After much digging into Google, I managed to find over 10 reviews of their products. They seemed legit. Most customers were happy, and those who had complaints almost always received refunds or had their swords repaired as demanded. It also looked as if the quality of service and production was improving over the years (as Sino-Sword themselves indicate on their website), and I decided to give them a chance.

The task at hand was daunting. I demanded a 9kg (19.84lb) sword. I could not see his reaction on the other side, but I am pretty sure Mr. Kane’s jaw dropped to the floor at first. Let it be clear – no one orders such things, historically there were almost never swords of that weight, and it is even difficult to believe it will be wieldable. I even doubted myself of that last part. Despite this, Mr. Kane, whose English in exceptionally fluent compared with most Chinese, was very professional about the matter and took my request seriously. From that point on, our communication, spanning over 70 emails (!), was very good and friendly.

Mr. Kane initially believed that it will take their people 50 days to make the sword. It should be understood that with such a custom project, a group of artisans is involved. There is the blade maker, the polisher, the scabbard and handle carpenter, the bronze decorations person, the man or woman making the guard, and possibly a few other people. Therefore, the production is a layered and step-by-step process, and by no means an easy one.   

The original 50-day estimate made by Mr. Kane proved too optimistic. They do make most swords within 30-50 days’ time. But my project was something else. Because of the immense size of the blade, possibly the first one of its kind ever made, it was incredibly difficult to forge. The heat treatment in particular, which formed the final shape, was a delicate process. Their people had to throw away no less than 4 different blades, which came out bent or imperfect, until the fifth one came out alright. I know this for fact – I received images of those blades that were trashed later. That alone pushed the production time considerably.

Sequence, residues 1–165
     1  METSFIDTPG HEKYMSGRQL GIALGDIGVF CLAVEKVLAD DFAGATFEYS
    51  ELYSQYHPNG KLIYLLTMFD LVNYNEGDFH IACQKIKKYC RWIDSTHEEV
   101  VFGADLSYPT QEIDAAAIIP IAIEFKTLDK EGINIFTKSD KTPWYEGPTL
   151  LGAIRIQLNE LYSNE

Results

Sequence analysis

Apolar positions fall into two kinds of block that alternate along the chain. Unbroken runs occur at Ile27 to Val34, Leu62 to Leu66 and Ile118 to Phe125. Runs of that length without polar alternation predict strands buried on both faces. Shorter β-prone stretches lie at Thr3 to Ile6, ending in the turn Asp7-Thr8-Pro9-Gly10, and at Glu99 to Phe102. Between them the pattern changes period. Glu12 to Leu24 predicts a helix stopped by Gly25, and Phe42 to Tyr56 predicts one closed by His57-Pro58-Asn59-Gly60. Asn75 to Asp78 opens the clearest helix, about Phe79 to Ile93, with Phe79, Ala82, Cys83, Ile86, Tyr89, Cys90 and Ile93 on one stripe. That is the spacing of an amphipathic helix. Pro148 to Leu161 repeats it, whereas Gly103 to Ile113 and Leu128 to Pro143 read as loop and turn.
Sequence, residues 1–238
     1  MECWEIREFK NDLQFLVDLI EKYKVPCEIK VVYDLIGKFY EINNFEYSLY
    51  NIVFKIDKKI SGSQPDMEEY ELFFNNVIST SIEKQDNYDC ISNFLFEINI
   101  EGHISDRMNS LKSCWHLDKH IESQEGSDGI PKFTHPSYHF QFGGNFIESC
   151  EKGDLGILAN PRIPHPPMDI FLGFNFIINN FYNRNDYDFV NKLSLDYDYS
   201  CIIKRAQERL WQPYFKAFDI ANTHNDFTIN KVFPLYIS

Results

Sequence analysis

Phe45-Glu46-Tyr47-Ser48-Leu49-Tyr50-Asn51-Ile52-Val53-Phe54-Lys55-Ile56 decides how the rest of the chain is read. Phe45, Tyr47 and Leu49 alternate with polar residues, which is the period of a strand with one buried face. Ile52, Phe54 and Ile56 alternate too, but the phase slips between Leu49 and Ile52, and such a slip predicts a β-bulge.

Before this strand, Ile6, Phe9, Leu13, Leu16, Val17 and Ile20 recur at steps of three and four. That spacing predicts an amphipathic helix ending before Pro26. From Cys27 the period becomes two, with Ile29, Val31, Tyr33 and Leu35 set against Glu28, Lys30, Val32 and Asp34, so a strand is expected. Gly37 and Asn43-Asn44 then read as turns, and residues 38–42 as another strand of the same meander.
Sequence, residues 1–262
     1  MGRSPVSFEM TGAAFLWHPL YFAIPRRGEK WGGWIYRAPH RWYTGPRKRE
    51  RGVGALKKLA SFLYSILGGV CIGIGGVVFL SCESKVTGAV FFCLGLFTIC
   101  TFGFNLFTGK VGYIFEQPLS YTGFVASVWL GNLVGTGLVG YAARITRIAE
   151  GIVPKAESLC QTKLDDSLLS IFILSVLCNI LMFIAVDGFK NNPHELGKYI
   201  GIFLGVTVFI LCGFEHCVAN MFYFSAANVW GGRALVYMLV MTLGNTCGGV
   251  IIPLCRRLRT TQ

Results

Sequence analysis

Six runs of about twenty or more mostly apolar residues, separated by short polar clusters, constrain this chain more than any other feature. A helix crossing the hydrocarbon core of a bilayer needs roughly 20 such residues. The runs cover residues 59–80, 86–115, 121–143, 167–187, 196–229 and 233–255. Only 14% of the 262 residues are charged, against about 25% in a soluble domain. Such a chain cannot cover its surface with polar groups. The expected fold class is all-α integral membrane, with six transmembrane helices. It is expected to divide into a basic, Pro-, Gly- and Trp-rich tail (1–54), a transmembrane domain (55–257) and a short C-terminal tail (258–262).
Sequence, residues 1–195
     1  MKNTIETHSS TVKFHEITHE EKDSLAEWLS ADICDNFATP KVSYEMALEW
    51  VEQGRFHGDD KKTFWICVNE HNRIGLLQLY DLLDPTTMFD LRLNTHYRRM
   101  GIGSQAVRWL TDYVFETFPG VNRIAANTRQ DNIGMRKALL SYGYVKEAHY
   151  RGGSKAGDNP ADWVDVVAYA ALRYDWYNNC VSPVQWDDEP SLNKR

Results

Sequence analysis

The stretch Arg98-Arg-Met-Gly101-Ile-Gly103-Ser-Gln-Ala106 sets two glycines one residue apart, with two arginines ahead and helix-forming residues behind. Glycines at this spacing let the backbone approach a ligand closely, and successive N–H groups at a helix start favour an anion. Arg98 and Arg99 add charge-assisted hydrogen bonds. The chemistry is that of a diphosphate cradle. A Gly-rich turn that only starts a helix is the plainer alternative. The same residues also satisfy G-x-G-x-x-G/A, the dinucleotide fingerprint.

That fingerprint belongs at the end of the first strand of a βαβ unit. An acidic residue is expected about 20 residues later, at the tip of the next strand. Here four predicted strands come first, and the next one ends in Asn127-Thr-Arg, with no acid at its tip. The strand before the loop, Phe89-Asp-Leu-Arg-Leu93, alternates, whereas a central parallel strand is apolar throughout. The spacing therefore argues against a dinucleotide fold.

The package shortly after I had received it:          

This did not mark the end of Mr. Kane’s headache. Over time, I made further customization requests that must have caused them lots of trouble.     
First, I wanted a special type of wood for the sword’s handle and scabbard. Sino-Sword do provide some 3-4 wood options, but I wanted to have something else. I did a week’s worth of research on wood types, and sent Mr. Kane a list of about 10 different woods, complete with their various names in Chinese characters. He went and checked around the area, but no one was selling these woods. Others, it turned out, were not fitting for swords, as their acidic nature rusts steel. I then located a wood sellers on (the Chinese mother-site of, of which I chose one that sold what appeared to be high quality African Redwood (African Padauk) for a relatively cheap price. Mr. Kane agreed that I pay for the wood and shipping (inside China), and they will use that wood. This was lovely, as I do not think they have done this before. The level of customization that company will afford the customer is excellent, no doubt. The wood lingered the affair more because of its shipment, and the need to let it sit and dry for a while before working on it.